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The Story of the Potomac Pacemaker - NC Transportation Museum & Restoration Spotlight

The Story of the Potomac Pacemaker - NC Transportation Museum & Restoration Spotlight

Feature Story written by: Savannah Bess, museum volunteer and aircraft photographer

Another DC-3 steadfast in service in times of both war and peace, the Potomac Pacemaker is one of the newest members of the DC-3 Society. This ship is unique, in the sense that she is the first static display DC-3 to join the Society. Proudly making her home at the North Carolina Transportation Museum in Spencer, NC, she is still currently undergoing full restoration. Rolling off the assembly line in Santa Monica, CA in March of 1942, as C-53-DO 41-20130 (s/n 4900), she went on to serve in the 52nd Troop Carrier Squadron, 63rd Troop Carrier Group. She remained stateside as a trainer for the American Theater until 1945 when she was leased out by Western Airlines. She served that airline faithfully as N18600 for over a decade until being purchased by Piedmont Airlines in 1956, christened N56V Potomac Pacemaker, serving another six years on the airline’s circuitous “puddle jumper” routes, before retirement in 1962.

Eventually falling derelict in the middle of the woods near an airstrip in Charlotte, NC, Piedmont rediscovered her and gave her a cosmetic restoration in 1978, where she became an outdoor display for a museum in Durham, NC. There, 56V languished outside yet again, this time for a full twenty-six years. Rescue came in the form of the North Carolina Transportation Museum; the museum desired an authentic Piedmont artifact, and the former owner was ready to make a deal. Because of so many years outdoors, the airframe was compromised to the point of being unairworthy, but worthy of a full static restoration. Today, volunteers are working hard to bring her back to full Piedmont spec.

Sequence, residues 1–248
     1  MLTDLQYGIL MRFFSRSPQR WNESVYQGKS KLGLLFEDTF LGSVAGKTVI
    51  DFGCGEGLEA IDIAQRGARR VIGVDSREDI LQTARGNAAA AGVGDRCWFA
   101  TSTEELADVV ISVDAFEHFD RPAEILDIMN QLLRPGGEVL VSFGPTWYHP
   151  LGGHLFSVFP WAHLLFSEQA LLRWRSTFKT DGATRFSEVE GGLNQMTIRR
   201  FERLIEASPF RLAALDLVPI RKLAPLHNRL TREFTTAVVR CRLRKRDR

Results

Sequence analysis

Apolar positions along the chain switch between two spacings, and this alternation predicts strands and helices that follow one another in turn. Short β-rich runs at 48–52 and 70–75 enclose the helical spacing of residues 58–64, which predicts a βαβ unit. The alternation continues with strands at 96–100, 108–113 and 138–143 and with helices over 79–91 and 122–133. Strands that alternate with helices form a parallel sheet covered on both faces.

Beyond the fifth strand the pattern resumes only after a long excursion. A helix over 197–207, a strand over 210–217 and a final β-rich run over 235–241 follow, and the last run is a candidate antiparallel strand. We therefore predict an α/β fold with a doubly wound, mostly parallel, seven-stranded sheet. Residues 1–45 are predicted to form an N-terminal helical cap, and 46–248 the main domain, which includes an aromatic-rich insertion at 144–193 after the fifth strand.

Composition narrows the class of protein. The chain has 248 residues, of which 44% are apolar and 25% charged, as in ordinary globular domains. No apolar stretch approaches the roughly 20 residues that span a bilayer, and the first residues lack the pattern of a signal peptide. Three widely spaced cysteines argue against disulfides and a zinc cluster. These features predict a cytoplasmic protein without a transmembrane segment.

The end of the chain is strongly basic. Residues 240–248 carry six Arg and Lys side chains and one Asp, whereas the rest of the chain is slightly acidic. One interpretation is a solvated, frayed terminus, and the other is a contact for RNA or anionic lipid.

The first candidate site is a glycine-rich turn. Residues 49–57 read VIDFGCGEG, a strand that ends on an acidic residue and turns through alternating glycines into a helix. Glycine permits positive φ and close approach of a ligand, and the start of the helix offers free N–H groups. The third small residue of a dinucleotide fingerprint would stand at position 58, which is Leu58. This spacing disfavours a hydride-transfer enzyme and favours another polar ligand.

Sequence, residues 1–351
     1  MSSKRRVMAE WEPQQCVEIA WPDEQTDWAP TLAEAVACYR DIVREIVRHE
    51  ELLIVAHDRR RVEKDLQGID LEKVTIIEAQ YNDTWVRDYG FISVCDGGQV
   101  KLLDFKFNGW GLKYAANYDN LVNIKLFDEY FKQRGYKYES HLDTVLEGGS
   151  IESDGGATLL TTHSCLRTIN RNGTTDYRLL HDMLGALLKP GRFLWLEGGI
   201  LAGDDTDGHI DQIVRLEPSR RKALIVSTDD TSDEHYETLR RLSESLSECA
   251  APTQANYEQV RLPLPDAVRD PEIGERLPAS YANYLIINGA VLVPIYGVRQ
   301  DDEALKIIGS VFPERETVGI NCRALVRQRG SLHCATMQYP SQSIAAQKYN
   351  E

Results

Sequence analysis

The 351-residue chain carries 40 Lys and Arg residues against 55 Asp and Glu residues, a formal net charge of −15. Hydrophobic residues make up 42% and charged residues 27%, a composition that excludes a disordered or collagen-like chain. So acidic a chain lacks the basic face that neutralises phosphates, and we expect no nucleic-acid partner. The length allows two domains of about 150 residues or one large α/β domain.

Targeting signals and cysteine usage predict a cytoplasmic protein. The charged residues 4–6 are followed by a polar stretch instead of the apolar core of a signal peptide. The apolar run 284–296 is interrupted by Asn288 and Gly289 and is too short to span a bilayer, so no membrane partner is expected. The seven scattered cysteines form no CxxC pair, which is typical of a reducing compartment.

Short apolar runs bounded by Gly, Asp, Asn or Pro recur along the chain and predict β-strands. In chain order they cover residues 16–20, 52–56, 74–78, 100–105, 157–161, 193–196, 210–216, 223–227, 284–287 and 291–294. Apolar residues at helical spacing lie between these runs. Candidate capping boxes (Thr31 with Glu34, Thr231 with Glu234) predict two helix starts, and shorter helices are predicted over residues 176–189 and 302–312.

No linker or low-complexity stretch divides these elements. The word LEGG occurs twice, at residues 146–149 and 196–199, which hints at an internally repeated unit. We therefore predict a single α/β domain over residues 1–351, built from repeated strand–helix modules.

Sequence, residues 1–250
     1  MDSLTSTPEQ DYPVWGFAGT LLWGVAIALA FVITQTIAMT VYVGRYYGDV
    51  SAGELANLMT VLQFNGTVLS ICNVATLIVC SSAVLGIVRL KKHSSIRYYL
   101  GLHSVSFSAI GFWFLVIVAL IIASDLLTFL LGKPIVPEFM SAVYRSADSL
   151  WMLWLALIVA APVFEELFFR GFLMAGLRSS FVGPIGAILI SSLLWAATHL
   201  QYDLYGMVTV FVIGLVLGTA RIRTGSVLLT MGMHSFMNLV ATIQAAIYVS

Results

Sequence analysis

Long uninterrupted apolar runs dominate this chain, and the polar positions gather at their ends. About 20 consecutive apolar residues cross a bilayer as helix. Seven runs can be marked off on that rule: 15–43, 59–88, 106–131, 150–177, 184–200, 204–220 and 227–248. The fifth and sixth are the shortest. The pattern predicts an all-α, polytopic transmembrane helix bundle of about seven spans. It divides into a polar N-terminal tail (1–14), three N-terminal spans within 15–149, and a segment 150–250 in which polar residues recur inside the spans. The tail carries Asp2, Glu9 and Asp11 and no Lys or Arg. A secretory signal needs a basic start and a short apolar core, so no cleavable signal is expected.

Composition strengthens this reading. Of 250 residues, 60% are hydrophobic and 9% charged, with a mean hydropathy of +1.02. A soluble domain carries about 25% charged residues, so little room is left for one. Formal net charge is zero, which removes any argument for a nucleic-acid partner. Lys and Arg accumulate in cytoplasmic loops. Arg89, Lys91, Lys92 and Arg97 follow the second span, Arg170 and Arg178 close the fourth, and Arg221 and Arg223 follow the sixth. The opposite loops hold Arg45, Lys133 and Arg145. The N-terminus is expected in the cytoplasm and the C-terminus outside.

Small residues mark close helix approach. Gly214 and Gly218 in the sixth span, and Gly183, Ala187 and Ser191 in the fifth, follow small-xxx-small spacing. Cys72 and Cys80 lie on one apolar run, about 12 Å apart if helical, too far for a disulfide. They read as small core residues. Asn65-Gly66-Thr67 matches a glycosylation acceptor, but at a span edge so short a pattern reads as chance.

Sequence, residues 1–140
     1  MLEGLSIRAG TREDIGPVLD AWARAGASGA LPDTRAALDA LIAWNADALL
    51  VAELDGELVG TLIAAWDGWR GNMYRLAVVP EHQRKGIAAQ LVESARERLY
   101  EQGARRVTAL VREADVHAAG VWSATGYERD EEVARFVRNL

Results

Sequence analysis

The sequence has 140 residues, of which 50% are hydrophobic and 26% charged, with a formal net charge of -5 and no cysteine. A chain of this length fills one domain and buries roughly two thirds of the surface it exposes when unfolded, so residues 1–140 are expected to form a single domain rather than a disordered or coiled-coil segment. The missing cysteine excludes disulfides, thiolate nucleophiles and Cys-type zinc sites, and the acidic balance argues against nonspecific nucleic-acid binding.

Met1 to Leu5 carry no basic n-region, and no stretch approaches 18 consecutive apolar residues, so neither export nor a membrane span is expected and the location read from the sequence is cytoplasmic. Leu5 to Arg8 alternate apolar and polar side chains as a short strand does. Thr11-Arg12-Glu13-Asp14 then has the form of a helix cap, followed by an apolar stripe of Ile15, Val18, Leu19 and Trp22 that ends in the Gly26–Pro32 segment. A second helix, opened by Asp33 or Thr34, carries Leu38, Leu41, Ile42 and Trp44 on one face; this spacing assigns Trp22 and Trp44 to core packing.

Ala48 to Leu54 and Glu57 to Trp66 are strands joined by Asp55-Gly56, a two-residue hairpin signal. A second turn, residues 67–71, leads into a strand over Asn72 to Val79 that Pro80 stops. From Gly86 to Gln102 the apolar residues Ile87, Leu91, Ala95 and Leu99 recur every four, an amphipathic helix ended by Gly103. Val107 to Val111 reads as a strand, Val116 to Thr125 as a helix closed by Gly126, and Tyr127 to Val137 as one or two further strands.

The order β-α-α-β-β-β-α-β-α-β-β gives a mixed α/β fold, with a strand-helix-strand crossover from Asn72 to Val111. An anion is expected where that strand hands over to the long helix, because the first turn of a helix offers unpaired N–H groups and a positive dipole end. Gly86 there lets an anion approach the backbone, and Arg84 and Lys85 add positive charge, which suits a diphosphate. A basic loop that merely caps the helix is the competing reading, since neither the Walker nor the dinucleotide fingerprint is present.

We don’t intend for her to collect dust as a mere display; she will be able to be boarded and museum visitors will have a full educational experience on what flight was like in the 1950s. We intend to pay tribute, not just to the DC-3’s worth as the workhorse of local service carriers, connecting rural communities with the nation at large - especially to the “puddle jumper” that became one of the most respected, innovative and progressive major airlines in commercial aviation history - but to the necessary work done here at home during the American Theater, to train our troops for combat during WWII.

You can also follow the progress of the restoration through their Facebook Page:

Photo Credits: Piedmont Aviation Historical Society, Savannah Bess, NC Transportation Museum

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